Archive for the ‘Boll Weevil’ Tag

Vidette, Georgia   1 comment

Above:  Burke County, Georgia, U.S.A., 1951

Scanned from Hammond’s Complete World Atlas (1951)

“37” indicates the Georgia and Florida Railway, which ran between Madison, Florida, and Greenwood, South Carolina.

“24” indicates the Central of Georgia Railway, now Railroad.

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My father was a minister in the South Georgia Conference of The United Methodist Church from 1980 until 2014, when he died.  He served–and we lived–mostly in rural places, plentiful in southern Georgia.  The first of those, from June 1980 to June 1982, when I was 7-9 years old, in the Second and Third Grades, was Vidette, in Burke County.  The charge had three congregations:  Vidette, Greens Cut, and Friendship.  The parsonage, a run-down old house probably about the age of the town, was next to the Vidette Church.

Vidette was one of the small towns that developed at crossroads in western Burke County in the first decade of the twentieth century.  When the old Georgia and Florida Railway (built mostly from 1906 to 1911) built lines in that part of the county, new towns came into being.  The town existed by 1909, when a wedding, a record of which I found via Google, occurred there.  Vidette reached its peak population of about 600 in the 1920s.  Various factors led to the decline of population in that part of rural Burke County.  Many African Americans left the Jim Crow South as part of the Great Migration, starting in 1915.  In the South, where cotton was king, the boll weevil, an insect introduced into Georgia in 1915, devastated the cotton crop, reducing yields by half by 1923.  The decline in the population in many rural counties in Georgia was evident in the comparison of the results of the federal censuses of 1920 and 1930.

When my family and I lived in Vidette the population was close to 100.  Our mailing address contained the words “Louisville, Georgia.”  (Now the mailing addresses for residents of Vidette contain “Midville, Georgia.”)  The worship space of the Vidette United Methodist Church obviously dated to a time when the population was closer to 600.  The other congregation in town of which I have retained memories was the Bethel Associate Reformed Presbyterian Church, which dissolved in 2015.  Its property has transferred to the new Bethel Mennonite Church.  Most Presbyterians in Vidette have been worshiping in either Louisville or Waynesboro, I suppose.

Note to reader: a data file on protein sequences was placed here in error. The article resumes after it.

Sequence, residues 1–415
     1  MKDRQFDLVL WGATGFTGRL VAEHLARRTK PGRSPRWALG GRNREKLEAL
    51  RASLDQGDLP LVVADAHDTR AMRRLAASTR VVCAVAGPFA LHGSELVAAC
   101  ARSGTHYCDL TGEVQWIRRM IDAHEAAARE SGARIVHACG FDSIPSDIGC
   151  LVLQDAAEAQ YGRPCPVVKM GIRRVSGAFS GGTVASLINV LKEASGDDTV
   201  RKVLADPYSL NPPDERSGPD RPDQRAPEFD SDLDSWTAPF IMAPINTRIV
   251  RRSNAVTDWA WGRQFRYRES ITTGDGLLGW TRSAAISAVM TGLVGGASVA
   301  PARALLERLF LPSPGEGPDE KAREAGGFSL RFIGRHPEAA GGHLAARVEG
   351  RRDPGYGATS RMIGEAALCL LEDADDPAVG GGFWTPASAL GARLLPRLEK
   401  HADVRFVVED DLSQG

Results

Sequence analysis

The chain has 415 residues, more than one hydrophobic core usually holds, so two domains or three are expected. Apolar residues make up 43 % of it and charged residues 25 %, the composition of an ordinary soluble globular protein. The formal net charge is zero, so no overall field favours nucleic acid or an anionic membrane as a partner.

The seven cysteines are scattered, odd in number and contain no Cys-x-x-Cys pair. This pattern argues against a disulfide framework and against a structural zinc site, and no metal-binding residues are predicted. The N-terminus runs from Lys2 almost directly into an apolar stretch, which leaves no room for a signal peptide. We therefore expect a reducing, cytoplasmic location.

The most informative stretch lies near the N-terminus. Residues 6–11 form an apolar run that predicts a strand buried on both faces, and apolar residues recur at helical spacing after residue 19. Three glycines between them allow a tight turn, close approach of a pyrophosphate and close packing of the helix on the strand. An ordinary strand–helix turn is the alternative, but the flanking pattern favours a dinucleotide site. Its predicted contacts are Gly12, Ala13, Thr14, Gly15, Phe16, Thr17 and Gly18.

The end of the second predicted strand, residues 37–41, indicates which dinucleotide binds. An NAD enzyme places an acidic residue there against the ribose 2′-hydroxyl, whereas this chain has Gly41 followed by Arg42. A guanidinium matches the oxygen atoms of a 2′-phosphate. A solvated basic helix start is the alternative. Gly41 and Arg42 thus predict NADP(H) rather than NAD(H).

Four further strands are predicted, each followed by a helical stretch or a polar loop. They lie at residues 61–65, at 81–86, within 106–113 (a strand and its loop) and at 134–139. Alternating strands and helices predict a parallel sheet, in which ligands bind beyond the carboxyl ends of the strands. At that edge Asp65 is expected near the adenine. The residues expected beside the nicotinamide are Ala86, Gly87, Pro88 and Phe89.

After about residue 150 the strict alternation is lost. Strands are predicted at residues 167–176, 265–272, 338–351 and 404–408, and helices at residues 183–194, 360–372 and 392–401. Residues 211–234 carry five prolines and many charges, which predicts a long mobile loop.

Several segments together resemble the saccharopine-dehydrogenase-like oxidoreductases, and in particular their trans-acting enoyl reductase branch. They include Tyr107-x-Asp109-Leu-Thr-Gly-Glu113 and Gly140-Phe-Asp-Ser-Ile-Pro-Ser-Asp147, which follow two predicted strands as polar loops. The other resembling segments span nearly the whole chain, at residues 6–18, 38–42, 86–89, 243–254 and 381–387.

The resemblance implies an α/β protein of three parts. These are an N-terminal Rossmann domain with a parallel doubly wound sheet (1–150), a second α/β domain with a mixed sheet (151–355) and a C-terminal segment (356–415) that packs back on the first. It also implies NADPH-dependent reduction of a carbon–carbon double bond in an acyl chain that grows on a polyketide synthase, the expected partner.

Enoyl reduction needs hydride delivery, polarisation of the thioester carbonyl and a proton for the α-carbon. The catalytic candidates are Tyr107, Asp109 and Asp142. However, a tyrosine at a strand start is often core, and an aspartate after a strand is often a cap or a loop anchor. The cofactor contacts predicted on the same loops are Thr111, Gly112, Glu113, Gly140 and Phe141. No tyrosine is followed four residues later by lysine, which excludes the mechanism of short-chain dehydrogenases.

Above:  A Map of the Georgia and Florida Railway, 1918

Image Source = http://phumyvungtaurental.com/map-of-georgia-and-florida/georgia-florida-railway-1918-system-map-map-of-georgia-and-florida-908-x-713-pixels/

By law images produced in the United States of America prior to 1923 are in the public domain.

By 1980 the railroad no longer came to Vidette.  One source I consulted indicated that the Hepzibah-Midville line of the Georgia and Florida Railroad closed in 1966.  Yet the Rand McNally World Atlas (1968) still showed the Georgia and Florida Railroad passing through western Burke County.  Perhaps someone forgot or neglected to update a map.  In 1980-1982 evidence of the railroad was visible on the eastern edge of town, near and parallel to Railroad Avenue and across from only store in town as well as the abandoned storefronts.  Two of the abandoned storefronts have survived; there used to be five of them.  By 1980 Vidette High School, on North College Avenue, next to Rose Dhu Cemetery, had closed.  Only the gymnasium has survived.

Above:  Vidette, Georgia, October 2016

From Google Earth

Last year the population of Vidette was 109.  A few moments ago, when last I checked the listing for Vidette United Methodist Church at the Find-a-Church feature of the denominational website, I read “Congregation:  12.”  Whether that was a reference to total membership, active membership, or average Sunday attendance, the implication for the continued existence of the congregation has not changed from destined to close sooner rather than later.

As of August 17, 2018, Vidette United Methodist Church, once a station church served by a retired minister, is half of a charge with Mount Moriah United Methodist Church, north of Matthews, in neighboring Jefferson County.  There is almost nothing left of Matthews either.  The minister lives in the Mount Moriah parsonage.  Friendship United Methodist Church, once on a charge with First United Methodist Church, Waynesboro, is on a charge with Greens Cut United Methodist Church, formerly a station church.  The current Friendship-Greens Cut arrangement makes much sense.

These rural areas are depopulating for a variety of reasons, not the least of which is that most of those young people who can get away from them do.  Economic disadvantages of rural areas compound each other, so these vast territories spiral downward into deeper structural poverty.  Improvement is difficult, not impossible.  However, it will require a long time, for the entrenched problems are long-standing.

In the meantime, why would a young person with an education and professional prospects choose to live in Vidette?

KENNETH RANDOLPH TAYLOR

AUGUST 17, 2018 COMMON ERA

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